We play Dua Lipa’s Don’t Start Now and the track’s upbeat, funky tempo suits the Club 950NC to a tee. The song’s short, stabby bassline, plucky percussion and expressive vocal are all given plenty of room to breathe.
We squeezed around 22 hours of battery life out of these headphones with Bluetooth and noise-cancelling activated, and 30 hours when plugged in using the supplied cable with noise-cancelling on.
The all-conquering Sony WH-1000XM5 (£380 / $399 / AU$550) are, by far, the better noise-cancellers. But if you can't get enough of chunky club basslines, the JBL Club 950NC will have you tapping to the beat.
Read the full JBL Club 950NC review
How we test JBL headphones
Here at What Hi-Fi? we review hundreds of products every year, from TVs to speakers, headphones to hi-fi systems. So how do we come to our review verdicts? And why can you trust them? Allow us to explain.
The What Hi-Fi? team has more than 100 years of experience in reviewing, testing and writing about consumer electronics. We have state-of-the-art testing facilities in Reading, London and Bath, where our team of expert reviewers do all our in-house testing. This gives us complete control over the testing process from start to finish, ensuring a high level of consistency. What's more, we keep class-leading headphones in our stockrooms so we can always compare new pairs to ones we know and love.
We are always honest, fair and impartial, and do our best to make sure we're hearing every product at their very best, so we'll try plenty of different genres of music and give them plenty of listening time (and time to run in), while the wired headphones that might warrant being used with a DAC are tested with a suitable one.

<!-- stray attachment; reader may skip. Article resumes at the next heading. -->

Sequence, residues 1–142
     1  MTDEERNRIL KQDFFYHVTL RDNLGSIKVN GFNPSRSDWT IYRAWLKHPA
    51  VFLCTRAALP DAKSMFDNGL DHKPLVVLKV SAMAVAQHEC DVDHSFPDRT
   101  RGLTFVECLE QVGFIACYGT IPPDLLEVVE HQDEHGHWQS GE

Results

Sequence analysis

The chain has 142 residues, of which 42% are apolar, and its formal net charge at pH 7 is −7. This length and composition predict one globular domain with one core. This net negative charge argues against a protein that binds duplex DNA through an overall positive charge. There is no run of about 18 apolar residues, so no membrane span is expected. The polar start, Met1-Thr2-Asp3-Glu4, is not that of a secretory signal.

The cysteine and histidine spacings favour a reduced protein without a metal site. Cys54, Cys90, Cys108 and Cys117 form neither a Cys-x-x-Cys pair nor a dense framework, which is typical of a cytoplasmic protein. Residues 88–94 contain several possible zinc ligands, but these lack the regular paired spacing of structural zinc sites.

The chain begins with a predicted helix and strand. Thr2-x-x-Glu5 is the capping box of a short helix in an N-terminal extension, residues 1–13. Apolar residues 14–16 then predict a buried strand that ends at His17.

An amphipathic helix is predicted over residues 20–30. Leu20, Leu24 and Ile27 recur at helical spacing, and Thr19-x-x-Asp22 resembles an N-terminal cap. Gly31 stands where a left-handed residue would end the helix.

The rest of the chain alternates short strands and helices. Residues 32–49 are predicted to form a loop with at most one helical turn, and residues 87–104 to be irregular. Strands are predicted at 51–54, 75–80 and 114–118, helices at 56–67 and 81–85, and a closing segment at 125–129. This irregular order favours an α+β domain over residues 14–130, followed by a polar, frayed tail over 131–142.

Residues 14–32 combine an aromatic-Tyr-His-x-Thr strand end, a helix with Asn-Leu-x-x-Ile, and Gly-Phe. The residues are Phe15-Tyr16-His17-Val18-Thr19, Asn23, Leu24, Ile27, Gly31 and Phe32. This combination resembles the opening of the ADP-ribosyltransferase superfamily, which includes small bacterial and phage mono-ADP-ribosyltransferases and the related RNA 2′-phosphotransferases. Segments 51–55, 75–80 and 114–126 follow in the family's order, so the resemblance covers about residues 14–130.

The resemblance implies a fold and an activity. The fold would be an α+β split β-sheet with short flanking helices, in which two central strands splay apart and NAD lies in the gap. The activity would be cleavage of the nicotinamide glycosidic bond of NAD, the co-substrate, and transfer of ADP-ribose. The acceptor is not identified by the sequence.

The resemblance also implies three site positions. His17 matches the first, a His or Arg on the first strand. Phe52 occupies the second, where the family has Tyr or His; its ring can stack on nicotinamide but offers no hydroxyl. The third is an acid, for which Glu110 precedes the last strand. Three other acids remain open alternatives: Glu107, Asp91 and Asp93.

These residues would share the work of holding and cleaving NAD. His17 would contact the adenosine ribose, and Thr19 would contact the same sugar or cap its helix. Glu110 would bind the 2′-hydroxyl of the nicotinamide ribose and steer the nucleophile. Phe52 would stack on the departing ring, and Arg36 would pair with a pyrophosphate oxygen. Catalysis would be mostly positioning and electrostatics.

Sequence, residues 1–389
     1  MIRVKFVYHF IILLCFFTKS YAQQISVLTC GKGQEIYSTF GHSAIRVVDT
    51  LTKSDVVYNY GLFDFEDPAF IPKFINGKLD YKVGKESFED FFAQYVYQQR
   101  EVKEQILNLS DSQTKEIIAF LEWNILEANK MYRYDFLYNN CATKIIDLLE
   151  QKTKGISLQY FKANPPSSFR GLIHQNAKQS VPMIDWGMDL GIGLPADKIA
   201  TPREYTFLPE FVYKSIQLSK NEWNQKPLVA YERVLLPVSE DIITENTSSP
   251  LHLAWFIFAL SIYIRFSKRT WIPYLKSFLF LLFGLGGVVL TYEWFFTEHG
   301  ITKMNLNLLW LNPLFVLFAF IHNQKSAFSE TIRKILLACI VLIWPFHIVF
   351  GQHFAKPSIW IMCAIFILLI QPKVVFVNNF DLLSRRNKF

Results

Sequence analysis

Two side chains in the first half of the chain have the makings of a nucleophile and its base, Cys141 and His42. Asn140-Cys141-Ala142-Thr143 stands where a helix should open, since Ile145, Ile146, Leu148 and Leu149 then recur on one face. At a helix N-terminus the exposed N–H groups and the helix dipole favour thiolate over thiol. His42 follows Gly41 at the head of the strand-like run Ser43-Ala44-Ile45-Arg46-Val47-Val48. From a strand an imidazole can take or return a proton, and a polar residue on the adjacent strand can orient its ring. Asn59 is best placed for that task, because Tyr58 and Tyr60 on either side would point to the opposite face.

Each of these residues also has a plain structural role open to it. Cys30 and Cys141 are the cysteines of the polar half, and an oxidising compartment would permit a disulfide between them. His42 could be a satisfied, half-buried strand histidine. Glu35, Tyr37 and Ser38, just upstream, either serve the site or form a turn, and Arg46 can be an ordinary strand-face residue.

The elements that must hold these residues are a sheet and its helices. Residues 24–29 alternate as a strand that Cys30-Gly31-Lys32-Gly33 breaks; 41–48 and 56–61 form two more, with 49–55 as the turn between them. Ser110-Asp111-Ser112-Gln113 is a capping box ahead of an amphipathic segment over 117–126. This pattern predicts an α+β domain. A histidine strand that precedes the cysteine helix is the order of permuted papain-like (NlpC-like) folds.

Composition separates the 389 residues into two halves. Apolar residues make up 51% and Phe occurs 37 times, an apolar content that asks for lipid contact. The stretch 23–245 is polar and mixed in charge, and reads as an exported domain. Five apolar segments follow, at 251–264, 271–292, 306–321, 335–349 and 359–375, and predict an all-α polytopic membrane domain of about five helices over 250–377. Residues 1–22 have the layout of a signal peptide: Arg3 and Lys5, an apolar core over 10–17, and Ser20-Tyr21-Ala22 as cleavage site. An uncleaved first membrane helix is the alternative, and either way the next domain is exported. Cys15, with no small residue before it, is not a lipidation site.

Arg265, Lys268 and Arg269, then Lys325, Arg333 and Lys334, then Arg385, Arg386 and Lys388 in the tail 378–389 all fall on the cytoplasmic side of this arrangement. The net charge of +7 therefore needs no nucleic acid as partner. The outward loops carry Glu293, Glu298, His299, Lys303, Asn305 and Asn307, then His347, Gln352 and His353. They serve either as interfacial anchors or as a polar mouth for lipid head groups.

It's not just about sound quality, of course. If a pair has active noise cancellation – increasingly the case these days – we'll ensure part of our testing involves using them in different environments, whether it's a busy train station or a noisy aircraft cabin. When it comes to battery life, we don't just take the manufacturer's word for it – we test and then test again to find out if the claims really stack up in a real-world scenario.
The same goes for comfort. It's all very well slipping on a pair of headphones for an hour or so, but will you still be headache-free after a full day of wearing them? Build quality is extremely important to us too. If the construction or finish is not up to scratch, we'll be the first to tell you. That way, you can buy with always confidence based on our recommendations.
All review verdicts are agreed upon by the team as a whole rather than a single reviewer, helping to ensure consistency and avoid individual subjectivity. That's why our reviews are trusted by retailers and manufacturers as well as consumers. And there's no input from PR companies or our sales team when it comes to the verdict, ensuring that we continue to deliver honest, unbiased reviews for many more decades to come.
Our ultimate guide to the best over-ear headphones
On the move? Here are the best earbuds
Expert guide: How to choose the right pair of headphones